The C6 Antibody Test for Lyme Disease in Dogs
The C6 antibody Lyme disease test for dogs is already available in some veterinary practices to test for antibodies resulting from recent vaccination. This can help prevent unnecessary antibiotic treatment of dogs following a positive titer result due to previous vaccination rather than present infection. Indeed, most veterinarians will not treat a dog unless high titers of antibody are found in tests accompanied by Lyme disease symptoms. Conversely, treating joint pain and arthritis symptoms in a dog with prednisone when rheumatoid arthritis is the suspected cause of the symptoms could exacerbate an infection with Lyme disease by suppressing the immune system’s attack on the bacteria.
Dogs with Compromised Immunity
Dogs already on immunosuppressive medication are at particular risk from Lyme infection although symptoms may not show up initially as the body’s normal inflammatory response to invading bacteria is inhibited. Results from a quantitative C6 antibody test usually take about a week but this test does provide a picture of the extent of antibodies to Lyme disease in the dog’s system and, therefore, an indication of the degree of current infection in most cases. A C6 antibody test can also provide a baseline by which future tests can be judged if Lyme disease is suspected or where treatment has been applied for infection.
Is that Tick Infected with Lyme?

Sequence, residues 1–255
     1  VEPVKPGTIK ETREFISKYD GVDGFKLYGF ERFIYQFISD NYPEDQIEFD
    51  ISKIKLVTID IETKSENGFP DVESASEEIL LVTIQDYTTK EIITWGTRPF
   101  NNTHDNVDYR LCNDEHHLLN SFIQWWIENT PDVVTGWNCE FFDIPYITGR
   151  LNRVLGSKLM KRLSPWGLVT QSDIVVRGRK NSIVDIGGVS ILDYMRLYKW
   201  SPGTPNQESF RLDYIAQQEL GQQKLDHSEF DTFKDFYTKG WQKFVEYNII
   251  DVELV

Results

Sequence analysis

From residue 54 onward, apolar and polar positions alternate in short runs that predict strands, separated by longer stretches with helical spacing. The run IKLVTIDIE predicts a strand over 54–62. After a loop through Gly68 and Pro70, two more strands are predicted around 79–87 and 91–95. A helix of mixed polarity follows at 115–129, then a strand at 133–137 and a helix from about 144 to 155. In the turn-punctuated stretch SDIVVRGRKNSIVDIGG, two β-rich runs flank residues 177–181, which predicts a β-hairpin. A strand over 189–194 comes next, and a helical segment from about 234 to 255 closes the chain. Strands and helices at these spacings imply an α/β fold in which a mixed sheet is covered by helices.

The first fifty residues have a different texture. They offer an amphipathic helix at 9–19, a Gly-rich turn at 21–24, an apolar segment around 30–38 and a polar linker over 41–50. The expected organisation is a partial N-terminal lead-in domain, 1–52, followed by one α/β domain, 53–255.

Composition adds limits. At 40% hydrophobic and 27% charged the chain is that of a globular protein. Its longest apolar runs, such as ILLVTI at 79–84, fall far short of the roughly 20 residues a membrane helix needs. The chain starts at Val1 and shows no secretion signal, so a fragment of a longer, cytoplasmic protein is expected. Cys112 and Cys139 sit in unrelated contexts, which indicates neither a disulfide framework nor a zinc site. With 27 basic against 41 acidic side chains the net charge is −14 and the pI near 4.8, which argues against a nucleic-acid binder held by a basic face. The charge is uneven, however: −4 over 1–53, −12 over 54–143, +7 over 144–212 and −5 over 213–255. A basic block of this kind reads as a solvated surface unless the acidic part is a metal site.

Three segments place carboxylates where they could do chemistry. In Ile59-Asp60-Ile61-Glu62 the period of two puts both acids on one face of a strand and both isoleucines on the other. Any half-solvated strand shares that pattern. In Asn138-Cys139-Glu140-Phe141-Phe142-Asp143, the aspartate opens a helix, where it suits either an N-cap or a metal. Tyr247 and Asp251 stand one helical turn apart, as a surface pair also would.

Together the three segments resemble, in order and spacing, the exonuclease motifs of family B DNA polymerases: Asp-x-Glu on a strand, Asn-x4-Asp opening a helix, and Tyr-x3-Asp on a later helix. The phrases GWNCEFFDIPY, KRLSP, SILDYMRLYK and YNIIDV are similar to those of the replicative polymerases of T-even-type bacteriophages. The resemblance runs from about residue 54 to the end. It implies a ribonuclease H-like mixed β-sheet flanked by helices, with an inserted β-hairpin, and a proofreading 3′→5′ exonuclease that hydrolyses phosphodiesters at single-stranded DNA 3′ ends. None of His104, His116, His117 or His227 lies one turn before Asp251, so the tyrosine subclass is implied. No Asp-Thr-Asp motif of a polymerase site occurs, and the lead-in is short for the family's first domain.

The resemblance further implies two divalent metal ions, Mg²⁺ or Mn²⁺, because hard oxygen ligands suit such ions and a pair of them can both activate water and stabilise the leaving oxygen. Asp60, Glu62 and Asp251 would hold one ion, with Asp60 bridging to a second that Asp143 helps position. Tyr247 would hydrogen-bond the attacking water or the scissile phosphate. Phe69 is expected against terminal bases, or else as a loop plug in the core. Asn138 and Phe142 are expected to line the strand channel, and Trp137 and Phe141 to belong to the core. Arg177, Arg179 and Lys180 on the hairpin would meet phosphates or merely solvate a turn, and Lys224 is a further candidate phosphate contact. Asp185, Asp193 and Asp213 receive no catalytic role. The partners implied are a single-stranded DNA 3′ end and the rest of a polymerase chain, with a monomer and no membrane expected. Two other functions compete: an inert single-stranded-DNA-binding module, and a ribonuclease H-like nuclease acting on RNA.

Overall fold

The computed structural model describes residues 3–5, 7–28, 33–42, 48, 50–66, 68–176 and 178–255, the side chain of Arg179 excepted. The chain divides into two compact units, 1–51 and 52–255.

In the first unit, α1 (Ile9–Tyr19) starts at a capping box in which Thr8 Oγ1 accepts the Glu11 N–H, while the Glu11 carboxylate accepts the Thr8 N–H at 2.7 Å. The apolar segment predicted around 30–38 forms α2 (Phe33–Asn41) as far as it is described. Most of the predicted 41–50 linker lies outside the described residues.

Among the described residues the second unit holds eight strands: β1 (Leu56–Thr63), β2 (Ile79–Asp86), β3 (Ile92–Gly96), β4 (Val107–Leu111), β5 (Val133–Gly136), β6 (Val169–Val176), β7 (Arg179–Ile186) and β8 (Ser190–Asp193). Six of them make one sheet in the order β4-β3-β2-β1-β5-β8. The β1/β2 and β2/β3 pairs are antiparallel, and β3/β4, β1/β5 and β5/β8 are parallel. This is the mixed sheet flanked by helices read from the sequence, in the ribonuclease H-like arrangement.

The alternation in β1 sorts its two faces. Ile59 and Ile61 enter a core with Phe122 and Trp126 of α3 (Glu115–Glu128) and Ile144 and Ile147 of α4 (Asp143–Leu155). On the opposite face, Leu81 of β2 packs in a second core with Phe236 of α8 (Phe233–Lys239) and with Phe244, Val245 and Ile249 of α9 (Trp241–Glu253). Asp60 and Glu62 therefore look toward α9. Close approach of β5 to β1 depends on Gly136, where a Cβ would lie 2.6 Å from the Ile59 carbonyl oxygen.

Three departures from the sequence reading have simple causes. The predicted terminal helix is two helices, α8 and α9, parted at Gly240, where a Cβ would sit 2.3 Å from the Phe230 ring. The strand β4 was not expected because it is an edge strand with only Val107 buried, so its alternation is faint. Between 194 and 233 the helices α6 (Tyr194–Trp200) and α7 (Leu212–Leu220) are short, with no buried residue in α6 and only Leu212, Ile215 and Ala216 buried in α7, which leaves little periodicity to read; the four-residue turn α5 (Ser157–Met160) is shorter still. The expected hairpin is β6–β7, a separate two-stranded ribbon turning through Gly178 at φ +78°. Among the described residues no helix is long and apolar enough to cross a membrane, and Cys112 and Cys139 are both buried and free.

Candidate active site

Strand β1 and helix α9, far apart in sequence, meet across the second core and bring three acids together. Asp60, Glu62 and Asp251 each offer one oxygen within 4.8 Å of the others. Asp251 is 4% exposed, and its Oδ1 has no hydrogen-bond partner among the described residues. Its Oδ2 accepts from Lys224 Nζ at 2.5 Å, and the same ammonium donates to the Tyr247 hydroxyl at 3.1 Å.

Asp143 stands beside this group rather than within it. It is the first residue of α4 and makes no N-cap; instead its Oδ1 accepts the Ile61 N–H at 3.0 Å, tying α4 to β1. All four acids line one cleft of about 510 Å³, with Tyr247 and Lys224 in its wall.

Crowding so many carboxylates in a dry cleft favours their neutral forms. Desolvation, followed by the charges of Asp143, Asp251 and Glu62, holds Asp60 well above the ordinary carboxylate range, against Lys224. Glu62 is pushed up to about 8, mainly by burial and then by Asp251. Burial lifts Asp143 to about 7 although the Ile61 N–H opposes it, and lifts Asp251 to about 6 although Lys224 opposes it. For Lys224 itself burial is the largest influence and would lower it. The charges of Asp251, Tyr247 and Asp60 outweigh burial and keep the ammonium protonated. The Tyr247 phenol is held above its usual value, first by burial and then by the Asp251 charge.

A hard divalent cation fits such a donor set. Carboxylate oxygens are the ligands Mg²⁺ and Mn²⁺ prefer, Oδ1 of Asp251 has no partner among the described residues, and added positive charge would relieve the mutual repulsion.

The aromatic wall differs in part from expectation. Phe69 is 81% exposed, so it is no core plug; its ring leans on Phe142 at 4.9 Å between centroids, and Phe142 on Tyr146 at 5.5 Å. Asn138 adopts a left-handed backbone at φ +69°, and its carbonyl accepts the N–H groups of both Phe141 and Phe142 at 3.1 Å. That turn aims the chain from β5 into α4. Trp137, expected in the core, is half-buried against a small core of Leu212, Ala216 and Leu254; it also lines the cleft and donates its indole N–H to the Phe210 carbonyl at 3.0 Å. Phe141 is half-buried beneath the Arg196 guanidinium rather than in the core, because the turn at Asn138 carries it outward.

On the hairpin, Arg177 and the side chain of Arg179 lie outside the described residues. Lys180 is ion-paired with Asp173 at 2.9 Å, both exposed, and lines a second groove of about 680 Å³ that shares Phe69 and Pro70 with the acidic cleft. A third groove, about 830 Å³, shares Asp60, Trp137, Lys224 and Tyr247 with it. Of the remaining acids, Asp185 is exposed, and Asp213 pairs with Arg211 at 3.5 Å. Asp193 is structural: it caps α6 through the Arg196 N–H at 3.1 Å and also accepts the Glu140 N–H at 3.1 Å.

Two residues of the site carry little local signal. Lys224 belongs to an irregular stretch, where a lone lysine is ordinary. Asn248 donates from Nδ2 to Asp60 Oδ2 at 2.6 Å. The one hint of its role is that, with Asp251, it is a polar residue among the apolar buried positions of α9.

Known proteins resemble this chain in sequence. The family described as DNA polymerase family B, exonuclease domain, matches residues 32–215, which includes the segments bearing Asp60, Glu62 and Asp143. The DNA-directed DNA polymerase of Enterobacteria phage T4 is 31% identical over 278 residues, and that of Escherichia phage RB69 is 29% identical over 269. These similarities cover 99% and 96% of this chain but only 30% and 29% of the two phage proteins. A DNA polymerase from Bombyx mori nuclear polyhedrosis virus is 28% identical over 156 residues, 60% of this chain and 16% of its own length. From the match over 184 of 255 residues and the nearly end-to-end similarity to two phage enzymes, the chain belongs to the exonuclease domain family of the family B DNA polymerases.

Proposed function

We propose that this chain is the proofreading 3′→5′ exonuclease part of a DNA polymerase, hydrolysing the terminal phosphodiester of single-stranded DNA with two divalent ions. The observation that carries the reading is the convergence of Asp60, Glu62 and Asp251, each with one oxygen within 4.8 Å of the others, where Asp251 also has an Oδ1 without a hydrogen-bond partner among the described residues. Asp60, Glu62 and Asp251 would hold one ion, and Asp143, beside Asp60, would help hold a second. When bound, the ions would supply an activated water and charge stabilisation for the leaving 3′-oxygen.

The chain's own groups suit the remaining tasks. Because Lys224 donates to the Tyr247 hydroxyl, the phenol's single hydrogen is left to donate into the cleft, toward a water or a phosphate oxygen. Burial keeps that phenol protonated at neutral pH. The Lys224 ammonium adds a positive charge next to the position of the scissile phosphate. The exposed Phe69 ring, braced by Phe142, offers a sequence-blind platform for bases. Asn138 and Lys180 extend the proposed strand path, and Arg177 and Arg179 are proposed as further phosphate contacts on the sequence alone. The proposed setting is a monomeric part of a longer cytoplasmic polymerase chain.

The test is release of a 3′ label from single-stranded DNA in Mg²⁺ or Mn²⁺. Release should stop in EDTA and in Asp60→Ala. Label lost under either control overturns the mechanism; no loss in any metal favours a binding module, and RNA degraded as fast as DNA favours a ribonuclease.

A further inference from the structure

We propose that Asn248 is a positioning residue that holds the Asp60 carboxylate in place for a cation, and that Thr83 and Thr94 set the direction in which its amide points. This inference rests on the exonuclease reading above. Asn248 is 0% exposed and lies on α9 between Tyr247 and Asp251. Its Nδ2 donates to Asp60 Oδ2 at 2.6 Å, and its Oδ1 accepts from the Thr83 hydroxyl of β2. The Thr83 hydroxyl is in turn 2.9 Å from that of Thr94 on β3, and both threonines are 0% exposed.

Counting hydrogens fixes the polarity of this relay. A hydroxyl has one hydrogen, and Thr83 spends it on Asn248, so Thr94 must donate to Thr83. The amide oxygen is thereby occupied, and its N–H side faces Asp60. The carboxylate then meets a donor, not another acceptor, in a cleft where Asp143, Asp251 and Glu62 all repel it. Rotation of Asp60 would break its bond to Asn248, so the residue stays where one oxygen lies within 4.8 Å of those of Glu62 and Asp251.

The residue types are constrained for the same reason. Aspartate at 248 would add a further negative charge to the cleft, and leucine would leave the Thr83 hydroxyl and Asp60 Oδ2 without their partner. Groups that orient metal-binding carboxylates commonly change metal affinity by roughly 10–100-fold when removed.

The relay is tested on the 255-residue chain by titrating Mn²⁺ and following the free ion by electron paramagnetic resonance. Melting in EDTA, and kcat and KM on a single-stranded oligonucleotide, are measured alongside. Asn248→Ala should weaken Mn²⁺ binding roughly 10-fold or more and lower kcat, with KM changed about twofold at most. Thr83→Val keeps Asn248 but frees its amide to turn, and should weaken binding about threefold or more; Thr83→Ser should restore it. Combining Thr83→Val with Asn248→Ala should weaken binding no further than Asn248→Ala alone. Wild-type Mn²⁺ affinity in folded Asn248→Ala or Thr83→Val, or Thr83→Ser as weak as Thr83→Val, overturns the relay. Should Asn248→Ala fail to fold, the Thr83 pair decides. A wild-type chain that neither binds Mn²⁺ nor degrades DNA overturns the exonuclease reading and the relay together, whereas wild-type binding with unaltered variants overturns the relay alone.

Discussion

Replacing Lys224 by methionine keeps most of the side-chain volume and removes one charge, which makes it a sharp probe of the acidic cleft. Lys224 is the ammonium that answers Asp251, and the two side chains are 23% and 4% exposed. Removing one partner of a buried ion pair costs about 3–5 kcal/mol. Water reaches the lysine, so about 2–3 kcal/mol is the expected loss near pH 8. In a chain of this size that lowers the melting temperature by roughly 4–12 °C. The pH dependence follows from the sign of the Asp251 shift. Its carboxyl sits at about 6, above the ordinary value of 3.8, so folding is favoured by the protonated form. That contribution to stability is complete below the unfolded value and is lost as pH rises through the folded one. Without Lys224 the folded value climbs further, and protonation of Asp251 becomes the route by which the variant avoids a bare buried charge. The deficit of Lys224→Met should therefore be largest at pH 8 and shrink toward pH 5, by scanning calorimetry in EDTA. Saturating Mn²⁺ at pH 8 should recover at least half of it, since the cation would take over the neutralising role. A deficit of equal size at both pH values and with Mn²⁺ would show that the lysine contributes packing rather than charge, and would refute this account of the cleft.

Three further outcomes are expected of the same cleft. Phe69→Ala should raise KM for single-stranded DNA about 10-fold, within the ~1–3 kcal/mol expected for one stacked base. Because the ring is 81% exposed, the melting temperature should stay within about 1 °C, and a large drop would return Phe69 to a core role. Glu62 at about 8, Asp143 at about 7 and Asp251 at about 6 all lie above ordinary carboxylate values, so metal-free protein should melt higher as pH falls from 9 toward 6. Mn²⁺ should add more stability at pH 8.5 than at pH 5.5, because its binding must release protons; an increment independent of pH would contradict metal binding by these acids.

Not all tick bites in dogs have the potential to transmit Lyme disease however, and some of the most commonly seen ticks in North America carry entirely different bacteria causing other canine (and human) diseases. These include the Brown dog tick which can transmit canine ehrlichiosis and is found in the southwestern and Gulf Coast states, the Lone Star tick, which carries the same infection, as well as Rocky Mountain spotted fever and southern tick-associated rash, and the American Dog Tick which also carries Rocky Mountain spotted fever. The black-legged tick, also known as the Deer tick, despite using several animals as hosts, is the major cause of canine Lyme disease and canine anaplasmosis. This tick is found in the northeastern, mid-Atlantic and upper midwestern states but not all such ticks are carriers of the Borrelia bacteria. The Western Black-Legged tick is the most common carrier or Lyme disease in western states in the US. In some states, such as those in Pacific coastal areas, the rates of infection in ticks are just 2-4%, whereas closer to 80% of tick populations have been found in tick tests to carry Borrelia burgdorferi sensu lato in areas of Connecticut where Lyme disease was first documented and named.
Why Ticks Like Dogs
Dogs present an excellent opportunity for ticks to feed as they are low to the ground and easily accessible by ticks looking for a host, often wander into dense vegetation or roll around in grass, and provide excellent cover due to their fur once a tick is actually attached and feeding. Ticks’ favorite areas for biting a dog include the ears, between the toes, within skin folds, and in the armpits, and a dog can have multiple ticks present at any one time, some of which may be carrying the Borrelia bacteria. Finding just one tick when checking a dog should not signal the end of the tick-check as more may be present; a thorough examination is required to eradicate all ticks that may be present in the dog’s fur. Ticks may often be mistaken for skin tags and the difficulty in seeing the bull’s eye rash that may occur in early infection makes it hard to know if a dog has been bitten by a troublesome tick. Improvements in testing have made it easier to detect an ongoing infection, thereby allowing for more rapid intervention and treatment for Lyme disease in dogs and improving their prognosis.